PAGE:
An original wooden fortress in Sandomierz was built on a hill near the Vistula River already in the 10th century, during the early period of the Piast rule. Sandomierz became a capital of an independent principality in 1138, in the aftermath of the will of Bolesław the Wrymouth who divided his state between several sons. Consequently, the town, serving as a permanent residence of local princes, had to be extended. Henryk of Sandomierz, Casimir the Just, Leszek the White, Bolesław the Chaste and Leszek the Black were among the monarchs who lived in the Castle as rulers of the Duchy of Sandomierz. However, the town and the Castle were destroyed and their inhabitants massacred during the Tatar invasion in 1260. New stone and brick fortifications on the ruins of the former fortress were built only in the 14th century by Casimir the Great, king of the reunited Polish kingdom. The Castle of Sandomierz was one of 32 castles built by the king in order to strengthen the country’s defence system. At that time Sandomierz was a significant centre of administrative power in Poland due to its geographical proximity to Ruthenia.

A significant renovation in the Renaissance style took place during the reign of king Sigismund the Old in 1520. The work was supervised by the German architect Benedict of Sandomierz, who was also responsible for the Renaissance refashioning of the Wawel Castle in Krakow. The works continued during the reign of king Sigismund II Augustus. In 1656, the Castle, which consisted of four wings enclosing an arcaded courtyard, was blown up by the Swedish troops. Only the western wing survived and it was rebuilt into a free-standing palace-type building during the reign of John III Sobieski in the years 1680-1688. The Castle was destroyed by the Russian troops which stationed there in 1768, during the Confederation of Bar.

After the third partition of Poland (1795), the Austrian occupant designated the Castle for use as a court and a prison. However, the prison was inaugurated only in 1825 when the city belonged to the Kingdom of Poland (a semi-independent state in personal union with Russia, established in 1815). The reconstruction of the Castle’s interior began at that time with the conversion of its grand rooms into smaller ones. In 1844, the eastern facade was redesigned in the neoclassical style. At the end of the 19th century a semi-circular courtyard was enclosed by a new single-storey crescent-shaped prison wing. Also, the prison was surrounded then by a new outer wall.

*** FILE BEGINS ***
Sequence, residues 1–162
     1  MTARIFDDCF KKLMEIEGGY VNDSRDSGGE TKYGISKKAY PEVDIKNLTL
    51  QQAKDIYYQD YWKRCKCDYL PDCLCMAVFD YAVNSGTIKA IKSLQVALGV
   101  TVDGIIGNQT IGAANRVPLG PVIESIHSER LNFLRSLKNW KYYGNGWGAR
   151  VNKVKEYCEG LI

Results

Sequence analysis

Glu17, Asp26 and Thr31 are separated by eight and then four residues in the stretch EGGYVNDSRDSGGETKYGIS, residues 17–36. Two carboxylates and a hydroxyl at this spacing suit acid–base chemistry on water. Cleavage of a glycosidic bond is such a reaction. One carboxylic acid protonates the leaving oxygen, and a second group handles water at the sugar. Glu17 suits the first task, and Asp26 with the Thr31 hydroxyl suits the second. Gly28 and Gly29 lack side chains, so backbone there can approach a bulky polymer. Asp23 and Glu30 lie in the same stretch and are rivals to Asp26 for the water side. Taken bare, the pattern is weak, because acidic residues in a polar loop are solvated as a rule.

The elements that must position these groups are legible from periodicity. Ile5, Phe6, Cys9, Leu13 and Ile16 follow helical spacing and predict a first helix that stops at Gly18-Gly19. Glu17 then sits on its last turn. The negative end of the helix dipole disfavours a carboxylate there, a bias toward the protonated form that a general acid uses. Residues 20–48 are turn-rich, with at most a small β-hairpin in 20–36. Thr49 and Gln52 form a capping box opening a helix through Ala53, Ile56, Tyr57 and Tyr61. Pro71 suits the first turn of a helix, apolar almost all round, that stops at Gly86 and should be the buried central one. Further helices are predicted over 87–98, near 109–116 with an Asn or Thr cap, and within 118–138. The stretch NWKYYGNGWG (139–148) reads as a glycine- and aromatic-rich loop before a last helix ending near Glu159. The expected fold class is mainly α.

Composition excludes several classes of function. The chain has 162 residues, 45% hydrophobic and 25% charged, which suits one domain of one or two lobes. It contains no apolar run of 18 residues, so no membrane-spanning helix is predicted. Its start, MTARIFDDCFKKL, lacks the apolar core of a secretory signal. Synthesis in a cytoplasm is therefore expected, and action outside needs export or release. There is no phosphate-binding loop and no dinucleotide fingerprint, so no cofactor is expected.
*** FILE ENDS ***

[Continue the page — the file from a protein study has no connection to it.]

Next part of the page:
Despite the fact that Poland regained independence in 1918, and in 1932 the Castle became officially listed as a historical monument, the prison was housed in it until 1959. The Castle served that purpose also during the German occupation of Poland during the Second World War and the subsequent era of Stalinism. Afterwards, the nearly 30 year-period of construction and conservation work ensued. In 1980 the 19th century prison administrative building was blown up and the crescent-shaped building demolished. The Castle Museum in Sandomierz has been housed in the Castle since 1986.

The Castle Museum in Sandomierz

The Castle Museum in Sandomierz owes its origins to the commitment and initiative of Stanislaw Karpowicz, rev. Andrzej Wyrzykowski, Józef Pietraszewski and Zdzisław Lenartowicz. They were members of the Sandomierz branch of the Polish Tourist Society. The opening ceremony of the Museum (originally known as the Museum of Sandomierz Land) took place on 5 May 1921.

Since then, the Museum has carried out constant research on the local and national heritage of Sandomierz and its environs. The Museum is a cultural institution that works for the preservation and promotion of historical monuments and other remnants of the past. It is involved in recording history of the region and its cultural transformation over the centuries, supervising different projects related to these topics. It also undertakes activities related to art in the broad sense of the term, including concerts, theatre performances, etc.


Sandomierz is nowadays a small town of unusual scenic beauty, situated on seven hills (hence it is often called a ‘little Rome’) on the border of Sandomierz Basin. Among its natural landmarks there are the Pepper Mountains (a nature reserve), numerous loess gorges (including the popular Queen Jadwiga Gorge) and the picturesque Vistula River valley. Several hiking and cycling trails run through the town (Cistercian trail, literary trail, St. James trail, Via Jagiellonica and Wooden Architecture trail).

The town is also an important cultural and economic centre. Even half a million tourists visit Sandomierz every year. Its medieval churches, the Old Town and the Royal Castle are the main tourist attractions. There are about 120 listed historic buildings in Sandomierz.